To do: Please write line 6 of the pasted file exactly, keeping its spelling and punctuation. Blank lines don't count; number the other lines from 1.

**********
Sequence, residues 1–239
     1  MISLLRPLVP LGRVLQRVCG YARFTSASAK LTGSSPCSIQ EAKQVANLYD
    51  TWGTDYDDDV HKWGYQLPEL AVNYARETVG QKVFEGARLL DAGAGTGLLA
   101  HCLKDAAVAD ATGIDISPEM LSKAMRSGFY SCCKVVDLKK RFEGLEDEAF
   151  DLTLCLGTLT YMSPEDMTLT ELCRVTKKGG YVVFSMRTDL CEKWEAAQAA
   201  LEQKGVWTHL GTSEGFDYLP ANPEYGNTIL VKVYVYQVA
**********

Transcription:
   201  LEQKGVWTHL GTSEGFDYLP ANPEYGNTIL VKVYVYQVA